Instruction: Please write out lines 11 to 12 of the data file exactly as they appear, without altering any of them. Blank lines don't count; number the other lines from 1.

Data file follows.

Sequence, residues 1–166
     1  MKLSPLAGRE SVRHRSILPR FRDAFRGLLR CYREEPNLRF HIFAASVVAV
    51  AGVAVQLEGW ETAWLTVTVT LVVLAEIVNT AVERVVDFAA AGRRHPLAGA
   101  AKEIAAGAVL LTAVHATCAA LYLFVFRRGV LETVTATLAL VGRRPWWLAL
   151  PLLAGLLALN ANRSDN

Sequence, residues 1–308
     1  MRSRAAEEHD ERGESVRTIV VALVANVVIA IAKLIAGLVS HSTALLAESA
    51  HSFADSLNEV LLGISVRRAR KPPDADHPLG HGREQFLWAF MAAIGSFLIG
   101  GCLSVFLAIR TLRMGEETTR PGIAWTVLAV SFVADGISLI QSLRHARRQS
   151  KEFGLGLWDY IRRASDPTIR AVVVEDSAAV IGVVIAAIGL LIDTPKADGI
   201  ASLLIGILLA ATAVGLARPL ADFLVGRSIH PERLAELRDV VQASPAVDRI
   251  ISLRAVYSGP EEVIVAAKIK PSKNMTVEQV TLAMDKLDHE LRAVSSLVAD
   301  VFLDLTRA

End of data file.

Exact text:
   201  ASLLIGILLA ATAVGLARPL ADFLVGRSIH PERLAELRDV VQASPAVDRI
   251  ISLRAVYSGP EEVIVAAKIK PSKNMTVEQV TLAMDKLDHE LRAVSSLVAD